During a recent floor speech, Senate Majority Leader Harry Reid, D-Nev., touted his chamber’s role in cutting the deficit.
"In the last two years," he said, "we have reduced the deficit by $2.5 trillion."
This claim struck us as odd, since the annual federal deficit has hovered around $1 trillion for the past three years -- and we knew from all the rhetoric about America’s deficit crisis that we hadn’t suddenly surged into a budget surplus.
So we checked into it.
First, some background on the deficit. A "deficit" refers to the amount by which spending exceeds revenues. It’s a measure calculated based on one year’s worth of spending and revenues. (The term "debt" refers to the cumulative total of all previous deficits, minus all previous surpluses.)
In fiscal year 2011, the deficit was slightly below $1.3 trillion. By the following year, it had shrunk to less than $1.1 trillion, according to the Congressional Budget Office. And by 2013, the CBO projects a deficit of $845 billion.
By year’s end, the 2013 figure could end up being higher or lower. The deficit for 2013 could shrink due to across-the-board cuts known as the sequester, which are projected to reduce spending by an additional $85 billion in 2013. And the deficit could shrink further if tax revenues exceed their projected amount (or the deficit could expand if the economy sours and tax revenues don’t meet expectations.)
But if we allow for some uncertainty, these figures show that the deficit has declined over the past two years by about $455 billion. That’s less than one-fifth of what Reid claimed.
When we contacted Reid’s office, a spokesman pointed us to a memo written in January 2013 by Sen. Patty Murray, D-Wash., who chairs the Senate Budget Committee. In this memo, Murray uses CBO figures to calculate that the deficit fell by a combined $2.4 trillion due to the two major fiscal deals of the past two years -- the legislation that ended the 2011 debt ceiling standoff and the legislation that avoided the fiscal cliff around New Year’s Day 2013. Murray did not include the sequester cuts in this calculation. (According to Reid’s prepared remarks, he had intended to say $2.4 trillion but actually said $2.5 trillion on the floor.)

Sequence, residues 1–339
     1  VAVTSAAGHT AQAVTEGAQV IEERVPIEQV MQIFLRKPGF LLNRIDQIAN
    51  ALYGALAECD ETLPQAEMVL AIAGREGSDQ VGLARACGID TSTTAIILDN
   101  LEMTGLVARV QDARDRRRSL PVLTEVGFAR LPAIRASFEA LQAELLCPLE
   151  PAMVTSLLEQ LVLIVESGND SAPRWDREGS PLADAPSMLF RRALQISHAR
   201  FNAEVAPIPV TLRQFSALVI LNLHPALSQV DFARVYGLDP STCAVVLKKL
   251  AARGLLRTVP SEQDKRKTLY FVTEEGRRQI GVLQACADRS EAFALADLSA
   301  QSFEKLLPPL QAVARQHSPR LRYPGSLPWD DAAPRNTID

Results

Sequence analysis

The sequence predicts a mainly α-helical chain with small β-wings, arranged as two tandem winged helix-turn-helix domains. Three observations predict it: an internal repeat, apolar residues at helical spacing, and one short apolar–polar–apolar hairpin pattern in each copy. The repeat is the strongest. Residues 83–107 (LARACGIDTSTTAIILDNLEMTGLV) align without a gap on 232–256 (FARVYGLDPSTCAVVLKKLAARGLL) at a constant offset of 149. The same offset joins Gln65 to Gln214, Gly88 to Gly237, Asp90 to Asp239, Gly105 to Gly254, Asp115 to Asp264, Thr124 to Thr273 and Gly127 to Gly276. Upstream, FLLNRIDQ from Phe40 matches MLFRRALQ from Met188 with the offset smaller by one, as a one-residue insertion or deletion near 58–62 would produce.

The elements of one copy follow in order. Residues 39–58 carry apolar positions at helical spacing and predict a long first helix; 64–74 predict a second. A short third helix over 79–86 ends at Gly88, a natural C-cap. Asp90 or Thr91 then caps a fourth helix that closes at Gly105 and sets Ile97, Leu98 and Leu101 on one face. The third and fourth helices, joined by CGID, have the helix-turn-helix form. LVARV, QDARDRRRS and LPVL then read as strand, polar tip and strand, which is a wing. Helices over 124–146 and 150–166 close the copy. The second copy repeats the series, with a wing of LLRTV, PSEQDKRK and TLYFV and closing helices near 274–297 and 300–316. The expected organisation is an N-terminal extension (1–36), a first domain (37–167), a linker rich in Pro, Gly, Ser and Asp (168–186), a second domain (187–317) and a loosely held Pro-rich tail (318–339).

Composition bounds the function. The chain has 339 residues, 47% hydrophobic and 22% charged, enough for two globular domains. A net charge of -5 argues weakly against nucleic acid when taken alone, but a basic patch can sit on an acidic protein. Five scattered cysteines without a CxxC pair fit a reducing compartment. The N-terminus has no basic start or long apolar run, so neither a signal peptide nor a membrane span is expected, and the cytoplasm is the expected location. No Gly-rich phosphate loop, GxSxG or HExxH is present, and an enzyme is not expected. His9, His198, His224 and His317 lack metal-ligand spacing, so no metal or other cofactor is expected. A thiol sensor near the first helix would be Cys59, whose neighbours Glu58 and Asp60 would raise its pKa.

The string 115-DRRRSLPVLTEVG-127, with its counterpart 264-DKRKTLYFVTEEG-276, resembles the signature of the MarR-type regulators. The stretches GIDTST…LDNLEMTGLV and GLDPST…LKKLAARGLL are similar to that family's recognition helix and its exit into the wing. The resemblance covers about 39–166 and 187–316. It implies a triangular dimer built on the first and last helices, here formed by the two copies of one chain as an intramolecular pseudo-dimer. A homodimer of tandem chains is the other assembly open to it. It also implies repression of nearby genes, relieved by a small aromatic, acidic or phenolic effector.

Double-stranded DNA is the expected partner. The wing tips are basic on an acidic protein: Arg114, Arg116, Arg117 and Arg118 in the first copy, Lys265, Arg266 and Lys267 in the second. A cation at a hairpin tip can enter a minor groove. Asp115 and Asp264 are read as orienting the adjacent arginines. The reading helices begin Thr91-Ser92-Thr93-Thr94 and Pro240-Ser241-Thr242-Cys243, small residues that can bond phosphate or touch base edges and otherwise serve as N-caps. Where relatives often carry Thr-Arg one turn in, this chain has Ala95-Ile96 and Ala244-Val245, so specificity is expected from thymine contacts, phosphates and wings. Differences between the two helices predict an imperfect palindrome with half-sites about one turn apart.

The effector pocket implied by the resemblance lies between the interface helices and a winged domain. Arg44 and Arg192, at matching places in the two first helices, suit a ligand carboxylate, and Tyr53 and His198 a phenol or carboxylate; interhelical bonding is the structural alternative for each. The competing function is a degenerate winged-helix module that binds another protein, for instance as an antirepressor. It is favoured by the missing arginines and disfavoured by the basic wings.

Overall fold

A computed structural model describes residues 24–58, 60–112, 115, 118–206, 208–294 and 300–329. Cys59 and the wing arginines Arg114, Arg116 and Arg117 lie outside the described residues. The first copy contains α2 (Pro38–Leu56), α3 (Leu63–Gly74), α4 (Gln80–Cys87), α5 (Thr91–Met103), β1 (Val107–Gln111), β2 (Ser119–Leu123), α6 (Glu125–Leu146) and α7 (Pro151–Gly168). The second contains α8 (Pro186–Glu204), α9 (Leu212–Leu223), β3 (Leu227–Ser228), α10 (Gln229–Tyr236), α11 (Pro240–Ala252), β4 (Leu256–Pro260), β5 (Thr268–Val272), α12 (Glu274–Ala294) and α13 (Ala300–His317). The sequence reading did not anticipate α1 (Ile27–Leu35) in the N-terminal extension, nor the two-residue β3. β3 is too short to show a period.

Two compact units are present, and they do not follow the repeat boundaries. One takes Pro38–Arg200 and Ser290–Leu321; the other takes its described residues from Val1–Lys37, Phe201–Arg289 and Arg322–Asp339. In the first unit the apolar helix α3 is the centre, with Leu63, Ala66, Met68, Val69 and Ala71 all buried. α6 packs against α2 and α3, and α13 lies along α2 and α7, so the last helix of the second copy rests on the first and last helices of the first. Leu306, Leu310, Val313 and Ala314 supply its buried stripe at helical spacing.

But there are some asterisks included in Murray’s memo that Reid, in his floor speech, skipped over.
The $2.4 trillion in deficit reductions include projected savings over a 10-year period -- 2013 to 2022. In Washington budget wonkery, this is par for the course -- when bills are being debated, their fiscal impact is usually calculated over the bill’s first 10 years of existence.
But Reid transformed the memo’s headline number into a claim that "in the last two years, we have reduced the deficit by $2.5 trillion." This is problematic for two reasons.
First, by using the past tense "reduced," Reid implies that these deficit reductions have already taken place. Instead, they would take place in the future -- and there’s no guarantee that they will materialize.
Second, he said "in the last two years," when in fact the $2.4 trillion in deficit reduction is projected to take place over the next 10 years.
"I know this is oversimplifying and it doesn’t work this way, but a 10-year deficit reduction averages out to $240 billion per year, or $480 billion over two years," said Steve Ellis, vice president of Taxpayers for Common Sense. "That’s a big difference. Because it’s so easy to spin the numbers, precision is critically important in budget items."
Reid said, "In the last two years, we have reduced the deficit by $2.5 trillion."
There has been some deficit reduction in recent years, but Reid's makes it sound much larger than it actually is. The $2.4 trillion number represents a projection of what is expected (but not guaranteed) to happen in the future over a 10-year period. It is not deficit reduction that has already been banked over the past two years. We rate the statement False.